June 24th, 2010
THE ALPHA AND OMEGA OF AMERICAN MEDIA NOISE
Though I did go to film school, I didn’t study journalism. My education in journalism began with a single life-altering book, David Halberstam’s, “The Powers That Be.” It was the alpha in my journey. I’m beginning to think the omega is the “EPIC 2014″ Flash essay I cited on Monday, which I first viewed in 2006.
In particular, a line from near the end of the EPIC 2014 piece has suddenly really resonated with me. I even quoted it in my last essay. The narrator says, “But EPIC is what we wanted. It is what we chose.”
As we take a short digression, I encourage you to give those two sentences some deep thought. “It is what we wanted. It is what we chose.”
A (relevant, I promise you) DIGRESSION: “I JUST DON’T NEED IT”
Years ago, my German girlfriend (whom I quote in my book) was visiting me in Kansas and we were in a Walmart buying something. In the next lane over, a woman was returning a big, fancy food processor. The clerk asked her why she was returning it. Without hesitating, she replied, “I realized I just don’t need it.” Her comment didn’t even register with me, but to my German friend, it was inspired.
This is the beauty of what a foreigner can bring — an ability to hear things you don’t. She heard that line and grasped the utter simplicity and profundity of it. She looked at me with a smile and repeated the words — “I realized, I just don’t need it.”
Over the years she and I have repeated that line to ourselves. This is what it’s about when people throw off the burdens of our “modern” lifestyles and realize they can live a lot more simply. They look at the trappings of their daily life and say to themselves, “I just don’t need it.” There is sooo much nonsense that they really just don’t need (like fancy food processors instead of a good old-fashioned chopping block and knife), if they would slow down for a moment and think it through.
At any rate, I mention this anecdote because sometimes simple phrases jump out at you, and then, as you begin to see all the complexity in their simplicity, you wonder whether maybe you were just given a glimpse into the simple patterns which, like fractal processes, underlie all the complexity of our lives. Which leads me back to that EPIC 2014 line.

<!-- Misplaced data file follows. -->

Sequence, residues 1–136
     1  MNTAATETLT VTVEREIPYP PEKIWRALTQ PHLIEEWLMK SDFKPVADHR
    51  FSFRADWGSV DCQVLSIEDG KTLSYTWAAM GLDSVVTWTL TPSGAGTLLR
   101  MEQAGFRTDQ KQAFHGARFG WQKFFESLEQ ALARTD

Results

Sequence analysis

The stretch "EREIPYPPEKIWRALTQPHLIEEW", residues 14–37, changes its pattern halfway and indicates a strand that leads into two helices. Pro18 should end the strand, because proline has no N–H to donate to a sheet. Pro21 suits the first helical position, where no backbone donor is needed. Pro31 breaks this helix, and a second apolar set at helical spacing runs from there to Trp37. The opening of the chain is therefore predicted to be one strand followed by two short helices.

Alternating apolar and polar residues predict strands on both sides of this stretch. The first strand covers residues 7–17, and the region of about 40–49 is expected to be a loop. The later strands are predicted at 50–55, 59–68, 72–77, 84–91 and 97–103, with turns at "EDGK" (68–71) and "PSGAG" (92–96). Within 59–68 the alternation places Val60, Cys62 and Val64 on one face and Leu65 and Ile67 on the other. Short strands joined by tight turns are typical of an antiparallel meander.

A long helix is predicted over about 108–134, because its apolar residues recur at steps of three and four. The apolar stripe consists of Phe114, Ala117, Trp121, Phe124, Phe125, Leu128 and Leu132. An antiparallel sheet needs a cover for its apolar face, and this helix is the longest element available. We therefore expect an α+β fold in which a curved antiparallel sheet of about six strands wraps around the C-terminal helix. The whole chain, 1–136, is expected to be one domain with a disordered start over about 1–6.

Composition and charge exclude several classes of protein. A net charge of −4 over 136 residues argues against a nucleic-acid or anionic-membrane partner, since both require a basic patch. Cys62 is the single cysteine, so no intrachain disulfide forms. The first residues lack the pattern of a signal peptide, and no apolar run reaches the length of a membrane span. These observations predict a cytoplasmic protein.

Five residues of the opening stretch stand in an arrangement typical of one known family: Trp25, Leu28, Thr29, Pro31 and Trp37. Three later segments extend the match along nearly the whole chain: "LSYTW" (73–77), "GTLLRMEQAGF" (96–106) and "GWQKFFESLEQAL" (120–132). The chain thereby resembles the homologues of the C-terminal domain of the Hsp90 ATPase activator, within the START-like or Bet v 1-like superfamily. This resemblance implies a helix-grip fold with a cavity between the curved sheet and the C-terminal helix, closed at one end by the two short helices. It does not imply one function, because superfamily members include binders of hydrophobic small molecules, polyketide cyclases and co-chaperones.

“IT IS WHAT WE WANTED. IT IS WHAT WE CHOSE.”
If David Halberstam were still alive, I think I would try to write to him to tell him about this line. For me, the most powerful and moving sequence in his masterpiece work, “The Powers That Be,” is when he recounts the birth of television in America, it’s rise to idealism, then it’s collapse into mediocrity. He tells about the bold World War II radio correspondents who returned to the U.S., excited to put the new medium of television to work as a force for enrichment and civil betterment. He focused on CBS News in the 1950’s and Edward R. Murrow who embodied what television journalism could be.
But he eventually tells of the decline of television into moronic entertainment like “Gilligan’s Island” and “The Munsters,” that losers like myself were weaned on (Yay!). And how CBS News was stripped down because it simply wasn’t as popular as those shows, leaving Murrow with a depressing end to his once-glorious career (a dimension that George Clooney left out of his heroic portrait of Murrow in his great movie, “Good Night, and Good Luck.”).
And this is where the two EPIC sentences embody Halberstam’s words.
Television. “It was what we wanted. It was what we chose.” Even more relevant is what prefaced those sentences in the EPIC piece. It said, “At it’s best, edited for the most savvy readers, EPIC is a summary of the world, deeper, broader, and more nuanced than anything ever available before. But at it’s worst, and for too many, EPIC is merely a collection of trivia, much of it untrue, all of it narrow, shallow, and sensational.”
Isn’t that EXACTLY what the story is for television? At it’s best, it’s Ken Burns’ The Civil War series on PBS in the early 1990’s which did exactly that — presented a deeper, broader, and more nuanced account of the Civil War than anything previous. But television at it’s worst? Where do we start? “The Jersey Shore”? Shall we assemble a gallery of lowest moments in television history? How’s about we start with Potsie’s musical number on “Happy Days” (the show that coined the term, “jump the shark”), which at least one person chose as the worst moment in the history of television. Though I think some reality shows have dug much deeper than that.
Anyhow, to everyone complaining about the level of noise, chaos, and disharmony in our society today, all that can really be said is, “It is what we chose.” People continue to agonize over “blog wars.” Sorry, but this is what we chose. Just look at blogs as a whole. At their best, they provide information which is deeper, broader, and more nuanced. But at their worst … same, same.